If you’re a new or prospective boat owner, there are plenty of rules, regulations, and requirements you need to learn and implement before you hit the water, but one of the most important of those is boating insurance.
Many marinas require proof of insurance, for one, and some states require it, depending on the type of boat you own. Plus, if you expect to take a loan out from a bank to buy the boat (using the boat as collateral), they’ll certainly require insurance.
But beyond meeting basic rules and requirements, having boat insurance is just a good idea. Boating accidents and the accompanying legal fees can come with astronomical price tags.
You can protect your investment and reduce your risk by getting the right kind of policies. Here’s a brief intro to what you need to know about boating insurance.
Types of Boating Insurance
According to Boat Ed, boat insurance can typically be separated into a few types: liability, uninsured motorist, and collision/comprehensive coverages.
Liability insurance is the minimum standard required by most states, banks, and marinas. In general, the faster and more powerful your boat, the more insurance is recommended or required. It will cover the costs of damages if you’re found at fault for damage to other people’s property, or for the cost of injuries caused during boating.
Uninsured motorist insurance, of course, covers damages to your own property or bodily injury caused by other people who aren’t insured.
Collision and other policies can vary quite a bit with what kind of damages they cover. Most of these policies are considered “all risk.” As this post on Boat Owners Association of The United States’ website sums up, that means that they’ll cover “a broad array of calamities that could befall your boat, including theft, vandalism, lightning, fire, grounding or sinking to lost or stolen belongings.” Most of these policies will also cover things like permanently attached equipment and items like anchors, oars, trolling motors, tools, seat cushions, and life jackets. Insurance coverage may also be contingent upon your staying within the United States or in a certain geographic area.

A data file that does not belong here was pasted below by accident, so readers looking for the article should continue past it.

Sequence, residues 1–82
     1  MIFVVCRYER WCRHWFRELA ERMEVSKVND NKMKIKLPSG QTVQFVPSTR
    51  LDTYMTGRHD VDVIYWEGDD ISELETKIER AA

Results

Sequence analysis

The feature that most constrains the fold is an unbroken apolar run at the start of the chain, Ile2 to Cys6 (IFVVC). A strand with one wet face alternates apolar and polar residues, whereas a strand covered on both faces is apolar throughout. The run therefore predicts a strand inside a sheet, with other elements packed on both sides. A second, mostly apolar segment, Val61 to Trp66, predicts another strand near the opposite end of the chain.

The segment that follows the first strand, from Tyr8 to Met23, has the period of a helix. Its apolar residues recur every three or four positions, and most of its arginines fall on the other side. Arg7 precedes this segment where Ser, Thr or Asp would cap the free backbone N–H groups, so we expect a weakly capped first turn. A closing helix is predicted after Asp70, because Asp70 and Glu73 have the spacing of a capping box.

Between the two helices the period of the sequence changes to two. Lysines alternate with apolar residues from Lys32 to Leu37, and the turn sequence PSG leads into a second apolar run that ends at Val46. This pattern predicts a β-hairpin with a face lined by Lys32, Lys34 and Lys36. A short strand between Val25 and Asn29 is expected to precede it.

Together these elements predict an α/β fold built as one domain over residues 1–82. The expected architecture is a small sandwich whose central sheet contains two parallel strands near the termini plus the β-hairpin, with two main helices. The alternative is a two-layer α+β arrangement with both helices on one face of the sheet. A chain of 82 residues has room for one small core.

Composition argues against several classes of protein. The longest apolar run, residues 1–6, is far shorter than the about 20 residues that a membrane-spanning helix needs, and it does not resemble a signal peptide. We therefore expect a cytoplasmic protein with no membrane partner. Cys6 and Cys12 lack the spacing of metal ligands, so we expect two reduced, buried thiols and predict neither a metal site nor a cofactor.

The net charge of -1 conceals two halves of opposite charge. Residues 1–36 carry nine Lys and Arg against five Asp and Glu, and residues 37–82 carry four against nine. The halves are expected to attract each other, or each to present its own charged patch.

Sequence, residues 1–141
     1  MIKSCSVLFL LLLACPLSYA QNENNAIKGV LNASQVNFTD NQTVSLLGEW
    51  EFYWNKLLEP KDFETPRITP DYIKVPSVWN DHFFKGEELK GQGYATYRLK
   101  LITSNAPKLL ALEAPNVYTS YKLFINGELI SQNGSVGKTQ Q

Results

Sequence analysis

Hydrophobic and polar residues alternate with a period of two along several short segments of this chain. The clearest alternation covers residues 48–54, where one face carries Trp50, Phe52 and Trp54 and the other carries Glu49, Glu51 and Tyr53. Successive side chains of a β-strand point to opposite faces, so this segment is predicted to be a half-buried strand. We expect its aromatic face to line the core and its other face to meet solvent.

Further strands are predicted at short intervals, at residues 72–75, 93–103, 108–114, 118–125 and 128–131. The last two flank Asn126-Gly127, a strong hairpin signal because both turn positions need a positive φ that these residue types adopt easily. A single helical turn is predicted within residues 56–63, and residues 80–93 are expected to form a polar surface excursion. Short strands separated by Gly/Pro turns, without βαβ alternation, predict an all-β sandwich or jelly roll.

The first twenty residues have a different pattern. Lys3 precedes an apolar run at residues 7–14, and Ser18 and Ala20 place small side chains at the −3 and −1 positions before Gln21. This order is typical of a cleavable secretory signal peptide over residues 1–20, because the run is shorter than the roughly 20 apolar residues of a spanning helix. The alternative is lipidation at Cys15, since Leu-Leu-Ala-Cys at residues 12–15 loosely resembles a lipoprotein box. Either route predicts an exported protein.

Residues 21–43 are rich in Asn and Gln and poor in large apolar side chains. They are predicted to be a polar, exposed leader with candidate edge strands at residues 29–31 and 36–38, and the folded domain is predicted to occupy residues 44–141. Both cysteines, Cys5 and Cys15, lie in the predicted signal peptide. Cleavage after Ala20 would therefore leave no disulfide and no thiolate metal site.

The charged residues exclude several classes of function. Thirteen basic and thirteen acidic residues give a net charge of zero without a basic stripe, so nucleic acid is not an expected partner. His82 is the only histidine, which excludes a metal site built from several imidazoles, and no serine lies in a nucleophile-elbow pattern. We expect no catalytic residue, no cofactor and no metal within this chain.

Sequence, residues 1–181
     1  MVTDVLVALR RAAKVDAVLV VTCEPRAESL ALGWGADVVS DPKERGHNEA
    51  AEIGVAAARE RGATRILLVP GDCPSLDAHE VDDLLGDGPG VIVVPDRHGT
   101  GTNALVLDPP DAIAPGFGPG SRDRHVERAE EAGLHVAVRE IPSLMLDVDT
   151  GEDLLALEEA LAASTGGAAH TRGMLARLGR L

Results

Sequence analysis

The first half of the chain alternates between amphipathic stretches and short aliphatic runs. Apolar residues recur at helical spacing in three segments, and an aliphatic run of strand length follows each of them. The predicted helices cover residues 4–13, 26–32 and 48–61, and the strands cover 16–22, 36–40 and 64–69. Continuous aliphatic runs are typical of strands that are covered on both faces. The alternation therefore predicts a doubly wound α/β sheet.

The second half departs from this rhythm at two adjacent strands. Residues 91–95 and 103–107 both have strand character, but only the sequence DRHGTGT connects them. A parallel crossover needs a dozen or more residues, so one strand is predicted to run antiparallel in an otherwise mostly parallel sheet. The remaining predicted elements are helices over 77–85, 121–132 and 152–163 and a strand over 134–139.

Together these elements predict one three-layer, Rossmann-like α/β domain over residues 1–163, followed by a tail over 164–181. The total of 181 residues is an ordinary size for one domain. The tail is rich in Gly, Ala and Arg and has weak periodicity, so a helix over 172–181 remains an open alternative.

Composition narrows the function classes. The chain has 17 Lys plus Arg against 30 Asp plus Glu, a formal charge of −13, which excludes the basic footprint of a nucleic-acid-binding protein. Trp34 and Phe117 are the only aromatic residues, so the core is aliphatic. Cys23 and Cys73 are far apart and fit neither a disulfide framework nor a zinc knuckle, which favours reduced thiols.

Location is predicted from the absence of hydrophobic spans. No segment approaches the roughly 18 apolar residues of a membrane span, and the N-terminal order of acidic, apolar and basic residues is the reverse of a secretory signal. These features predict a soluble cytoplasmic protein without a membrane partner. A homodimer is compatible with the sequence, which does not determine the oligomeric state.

However, Discover Boating, clarifies that the term “all risk” can be misleading, because some risks are usually specifically omitted in the policy. Typical exclusions to comprehensive coverage include damage from wear and tear, cosmetic damage such as dents, damage from animals, manufacturers’ defects, design defects, and damage from ice and freezing.
If you want to expand your coverage, you can buy special add-ons to cover the kinds of risks that are typically excluded, along with other boating-related expenses. For example, you can look for a policy that includes towing expenses (which can cost $400 per hour) or coverage for a specific, expensive piece of boating equipment, such as a navigation system.
Boating Insurance Pricing and Discounts
How much you’ll pay for your insurance policy will vary from one provider to the next. In general, of course, you’ll pay more for policies with higher payouts and lower deductibles.
Also, as we mentioned earlier, more powerful boats will generally cost more to insure, and the condition and the age of the boat will also influence the cost of insurance. For example, many insurance providers require a marine inspection for older boat models before they’ll insure them. (Marine surveys can also be a good idea just to make sure that your boat meets all current safety requirements.)